In the olden days, when Paleo was still an era, most people lived in tribes. They lived with a group of people who were indigenous to an area and largely self-sufficient (to use the Wikipedia definition). You may think tribal living disappeared when we invented the wheel, but if you increasingly find yourself feeling “indigenous to an area and largely self-sufficient”, chances are you are being forced back into tribalism. And here’s a clue why — it’s the wheel again, particularly the way wheels have stopped turning.
The society-shaping power of traffic may surprise sociologists, who think we like belonging to tribes because we’re aspirational or secretly racist or we feel more secure being surrounded by people who have beards just like us. But here’s a questionnaire that will convince you that congestion is re-creating communities.
Do you find yourself asking, ‘Can I walk there?’ You may be going for coffee, a movie or a holiday, but if your first response is to check the walkability, you’re on a traffic island. Ditto if your first response is to check public transport routes and timetables before booking anything.
When you ring a tradie for a quote, does he say, sorry, he doesn’t travel across town or across that bridge? Indeed, has a tradie ever said to you, ‘ Why don’t you have a tradie close by?’, as if you’re responsible for the disappearance of all local tradespeople?
Do you find yourself scheduling things early in the morning or as the sun sets? My friends and I meet before 7am (before traffic) and finish our socialising by 8.45am (after traffic).
Do you see friends who live nearby more than friends who live a little farther away? When you arrange to see friends who live farther away, do you argue about the location of the restaurant and plead about how hard it is to get there?
Do you choose your children’s sporting commitments based on how far you have to drive on a Saturday morning?
Do you avoid going anywhere between 10am and 2pm on Saturdays or 10am to 4pm on a summer’s Sunday?
Do you love Good Friday, if only because the traffic is just the way it was in 1976?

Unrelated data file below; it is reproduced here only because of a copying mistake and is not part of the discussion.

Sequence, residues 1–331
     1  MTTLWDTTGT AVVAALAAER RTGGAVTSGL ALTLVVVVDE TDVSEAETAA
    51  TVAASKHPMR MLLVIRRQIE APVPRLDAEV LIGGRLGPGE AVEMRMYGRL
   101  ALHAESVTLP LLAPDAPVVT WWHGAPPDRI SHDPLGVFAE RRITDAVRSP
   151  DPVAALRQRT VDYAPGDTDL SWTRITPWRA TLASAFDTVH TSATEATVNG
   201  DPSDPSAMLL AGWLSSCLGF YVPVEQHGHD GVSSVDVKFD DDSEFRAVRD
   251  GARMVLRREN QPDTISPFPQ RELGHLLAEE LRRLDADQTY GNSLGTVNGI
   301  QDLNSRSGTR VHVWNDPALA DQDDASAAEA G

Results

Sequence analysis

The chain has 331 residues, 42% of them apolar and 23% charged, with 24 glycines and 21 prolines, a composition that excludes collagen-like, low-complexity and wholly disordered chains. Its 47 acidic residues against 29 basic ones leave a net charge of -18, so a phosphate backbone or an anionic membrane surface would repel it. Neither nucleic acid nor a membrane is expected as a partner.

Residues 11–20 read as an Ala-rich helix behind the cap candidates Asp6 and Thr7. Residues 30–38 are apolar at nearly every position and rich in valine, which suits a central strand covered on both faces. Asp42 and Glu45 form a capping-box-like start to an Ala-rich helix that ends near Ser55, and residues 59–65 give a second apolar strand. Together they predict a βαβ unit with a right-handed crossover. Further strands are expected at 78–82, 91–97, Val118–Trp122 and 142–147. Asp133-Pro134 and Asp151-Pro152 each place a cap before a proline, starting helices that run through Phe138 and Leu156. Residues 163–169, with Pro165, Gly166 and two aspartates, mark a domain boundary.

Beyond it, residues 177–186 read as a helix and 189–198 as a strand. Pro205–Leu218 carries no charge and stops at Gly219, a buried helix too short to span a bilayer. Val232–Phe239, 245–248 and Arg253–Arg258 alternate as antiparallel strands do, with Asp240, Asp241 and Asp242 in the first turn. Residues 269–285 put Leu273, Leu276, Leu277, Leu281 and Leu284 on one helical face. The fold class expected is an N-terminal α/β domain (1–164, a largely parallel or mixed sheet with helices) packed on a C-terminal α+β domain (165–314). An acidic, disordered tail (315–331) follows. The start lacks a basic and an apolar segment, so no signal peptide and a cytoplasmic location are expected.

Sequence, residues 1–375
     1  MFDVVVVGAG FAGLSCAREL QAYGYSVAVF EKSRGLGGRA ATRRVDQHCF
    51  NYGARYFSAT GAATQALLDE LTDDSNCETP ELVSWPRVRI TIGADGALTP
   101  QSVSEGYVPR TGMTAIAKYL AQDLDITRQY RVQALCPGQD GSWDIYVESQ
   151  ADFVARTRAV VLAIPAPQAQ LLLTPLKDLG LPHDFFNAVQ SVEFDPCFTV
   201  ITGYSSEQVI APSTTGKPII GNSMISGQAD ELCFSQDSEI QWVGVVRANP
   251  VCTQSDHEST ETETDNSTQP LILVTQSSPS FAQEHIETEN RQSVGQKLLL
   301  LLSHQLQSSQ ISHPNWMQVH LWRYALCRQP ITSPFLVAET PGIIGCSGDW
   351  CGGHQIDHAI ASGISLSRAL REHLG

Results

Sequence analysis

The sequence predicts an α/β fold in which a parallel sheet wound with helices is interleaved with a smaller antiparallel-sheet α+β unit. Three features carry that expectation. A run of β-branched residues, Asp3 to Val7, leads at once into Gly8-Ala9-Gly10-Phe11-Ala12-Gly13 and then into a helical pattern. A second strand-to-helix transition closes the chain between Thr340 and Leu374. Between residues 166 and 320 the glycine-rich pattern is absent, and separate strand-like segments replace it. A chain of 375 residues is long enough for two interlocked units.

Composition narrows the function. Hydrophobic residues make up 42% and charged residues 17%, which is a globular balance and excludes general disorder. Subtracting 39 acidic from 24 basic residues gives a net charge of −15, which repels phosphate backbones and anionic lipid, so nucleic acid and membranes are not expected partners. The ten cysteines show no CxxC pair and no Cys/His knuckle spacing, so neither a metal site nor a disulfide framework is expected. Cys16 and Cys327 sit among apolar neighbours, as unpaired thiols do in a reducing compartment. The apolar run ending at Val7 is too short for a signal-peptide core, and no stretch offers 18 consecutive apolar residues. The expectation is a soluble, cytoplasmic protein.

Do you read stories about Australia’s population increasing at twice the rate and think: but do they all have to be on the road at once?
Do you ever look around when you’re idling in traffic and think: could every fourth person please leave now?
It’s when I start mentally eliminating people that I realise I have a problem with traffic and it’s most acute in February when everyone returns from holiday and there seems to be 10,000 more people on the roads (which is an accurate figure if you live in Sydney or Melbourne, where about 1000 people arrive a week).
It’s not so much the traffic that gets to me but what it does to us. Traffic keeps us hostage to our own areas. It stops us exploring distant areas; it determines where to live, where to school and where to get the daily bread. It makes us insular.
Traffic cramps our spontaneity. We say no even before we’ve thought about saying yes because the journey often is not worth the experience. Traffic makes us mean. And, often, you don’t realise how mean of spirit you’ve become until someone — say, someone who used to belong to your tribe — comes to visit.
Family or friends who have decamped to the country or the coast remind you that it wasn’t always like this. Is it peak hour, they ask. Ha, it’s always peak, I reply. Can we pop in there, they say. Ha, we don’t pop anywhere any more. Do you have change for the parking meter, they ask. Ha, you need a credit card with a generous limit to park now.
Then I give them the lecture. You’ve lost your fitness for the city, I say. You have to get strategic. You have to leave early, limit your stops, push in, find the rat runs and never presume there will be parking nearby.
By the time they leave, I realise that I belong to a different tribe now, one that marches to a different drum of traffic and one that’s impenetrable to outsiders.